www.sunshine-summit-lodge.com - Drug Rehabilitation and Alcohol Treatment Facilities
(855) 734-2223

Megan never saw the addiction coming.

When the 22-year-old grocery store worker began smoking synthetic marijuana 18 months ago, it was a way for her and her husband to get high without having to worry about getting arrested.

At the time, the substance �'' which is also known as fake weed or by the more popular brands K2 and Spice �'' was legal and readily available at convenience stores throughout the area. Many still carry it despite new laws that ban it.

Resembling marijuana but often marketed as potpourri or incense in harmless-looking celophane packages adorned with cartoon characters like Scooby Doo and SpongeBob SquarePants, synthetic marijuana sells for between $4 and $20.

Like so many users, Megan mistakenly assumed it was a safe alternative to marijuana.

But last week, Megan, who didn't want her last name used for fear of losing her job, admitted she was hooked and was trying to kick her habit. It was a struggle. She had gone less than a day without smoking anything and already was trembling and crying.

"I get the shakes, really hot. I can't focus on anything," she said sitting in the sparse living room of her home. "When I get home �'' from work, the first thing I think about is smoking.

"I thought it was a safe alternative, so I jumped on the train," she said. Her husband works at the trailer park where they live. He also smokes K2.

"My husband and I work very hard. We're not bad people," she said, "We never figured we would have it this bad."

Synthetic marijuana �'' technically, synthetic cannabinoid �'' has proven to be stubbornly addictive to users like Megan but has also stubbornly defied the efforts of law enforcement and lawmakers nationwide to ban it from store shelves.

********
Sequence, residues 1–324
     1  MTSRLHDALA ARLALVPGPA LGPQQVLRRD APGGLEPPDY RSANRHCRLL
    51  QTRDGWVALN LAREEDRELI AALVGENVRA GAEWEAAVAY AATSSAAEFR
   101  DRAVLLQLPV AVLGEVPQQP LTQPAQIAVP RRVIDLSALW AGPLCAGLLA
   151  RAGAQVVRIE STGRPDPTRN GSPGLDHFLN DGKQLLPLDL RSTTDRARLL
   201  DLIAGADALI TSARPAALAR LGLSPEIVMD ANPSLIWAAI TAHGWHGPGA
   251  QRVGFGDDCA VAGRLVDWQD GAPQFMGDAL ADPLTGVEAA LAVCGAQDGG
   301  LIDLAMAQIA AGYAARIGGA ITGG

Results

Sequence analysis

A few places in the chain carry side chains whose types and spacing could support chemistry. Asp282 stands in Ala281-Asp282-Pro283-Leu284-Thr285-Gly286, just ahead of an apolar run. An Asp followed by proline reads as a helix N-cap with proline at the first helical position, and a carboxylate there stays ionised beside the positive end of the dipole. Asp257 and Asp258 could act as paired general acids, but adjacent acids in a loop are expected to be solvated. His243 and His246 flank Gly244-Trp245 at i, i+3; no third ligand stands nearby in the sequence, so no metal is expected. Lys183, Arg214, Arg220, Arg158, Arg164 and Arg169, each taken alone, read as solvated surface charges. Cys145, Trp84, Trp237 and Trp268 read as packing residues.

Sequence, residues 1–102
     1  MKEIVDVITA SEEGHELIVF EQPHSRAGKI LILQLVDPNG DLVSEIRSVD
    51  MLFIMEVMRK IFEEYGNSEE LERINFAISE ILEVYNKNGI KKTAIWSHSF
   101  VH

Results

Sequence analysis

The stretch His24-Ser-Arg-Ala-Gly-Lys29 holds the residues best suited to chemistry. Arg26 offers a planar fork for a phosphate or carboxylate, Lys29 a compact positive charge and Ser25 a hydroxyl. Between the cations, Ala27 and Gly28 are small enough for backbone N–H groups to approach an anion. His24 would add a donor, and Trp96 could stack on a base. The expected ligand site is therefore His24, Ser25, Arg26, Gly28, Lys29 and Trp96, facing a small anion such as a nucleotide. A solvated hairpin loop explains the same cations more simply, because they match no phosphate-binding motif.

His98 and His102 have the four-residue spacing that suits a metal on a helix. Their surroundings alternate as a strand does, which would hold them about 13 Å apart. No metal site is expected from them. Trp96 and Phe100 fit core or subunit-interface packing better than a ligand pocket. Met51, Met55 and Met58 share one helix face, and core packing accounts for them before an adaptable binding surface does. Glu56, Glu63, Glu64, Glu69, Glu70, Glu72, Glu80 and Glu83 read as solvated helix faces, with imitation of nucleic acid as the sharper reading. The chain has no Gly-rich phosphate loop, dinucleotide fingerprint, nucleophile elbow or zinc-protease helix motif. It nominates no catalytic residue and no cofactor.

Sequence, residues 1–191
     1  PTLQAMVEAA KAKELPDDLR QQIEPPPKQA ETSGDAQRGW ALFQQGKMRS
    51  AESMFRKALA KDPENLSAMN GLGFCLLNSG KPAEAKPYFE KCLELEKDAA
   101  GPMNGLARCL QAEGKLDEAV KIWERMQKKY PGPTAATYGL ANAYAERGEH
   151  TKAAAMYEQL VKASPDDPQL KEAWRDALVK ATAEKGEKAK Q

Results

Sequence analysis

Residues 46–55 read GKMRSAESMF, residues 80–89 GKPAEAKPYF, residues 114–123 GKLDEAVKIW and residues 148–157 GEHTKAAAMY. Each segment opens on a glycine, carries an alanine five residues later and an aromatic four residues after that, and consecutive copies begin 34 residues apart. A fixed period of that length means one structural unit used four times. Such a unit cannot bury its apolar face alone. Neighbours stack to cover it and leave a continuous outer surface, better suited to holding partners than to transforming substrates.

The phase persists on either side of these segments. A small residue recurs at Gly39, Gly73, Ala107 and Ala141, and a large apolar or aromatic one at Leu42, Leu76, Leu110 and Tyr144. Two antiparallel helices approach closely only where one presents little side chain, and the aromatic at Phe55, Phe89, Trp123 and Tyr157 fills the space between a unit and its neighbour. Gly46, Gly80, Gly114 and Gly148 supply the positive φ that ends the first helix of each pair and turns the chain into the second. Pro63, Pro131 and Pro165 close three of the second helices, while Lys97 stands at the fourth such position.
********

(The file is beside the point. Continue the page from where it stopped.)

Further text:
Experts say that as soon as lawmakers outlaw the substance, its manufacturers tweak its chemical composition, creating a new substance that has the same mind-altering effects.

In March, the Florida Legislature outlawed the latest version of the drug, making it a third-degree felony to possess or sell it.

Travis, however, is confident a new, legal version will come out soon. In the meantime, a few area convenience store clerks still sell it to him under the counter.

"And the more you buy from these people, the better the deal you get," he said, tossing a package onto his living room coffee table.

A couple even sell Travis the drug on credit, he says.

"I've gone without toilet paper, but I had a bag of legal weed in this house," he said. "I've gone without food, but I had a bag of legal weed in this house. Instead of making the full payment (for utilities), we'd take the money and buy this stuff."

The stuff Travis and Megan are smoking is an altered form of Tetrahydrocannabinol (THC), the molecule found in marijuana that gives its users their high, said Paul Doering, a distinguished service professor of pharmacy emeritus at the University of Florida College of Pharmacy.

By altering the THC molecule, synthetic marijuana's manufacturers are able to skirt the law and avoid the list of drugs lawmakers have banned.

Doering likens the altering of the complex THC molecule to pruning a hedge, snipping off unneeded parts of the drug and slightly altering others. The result is often a more potent variation of K2.

Dried plant material is sprayed or soaked with the drug.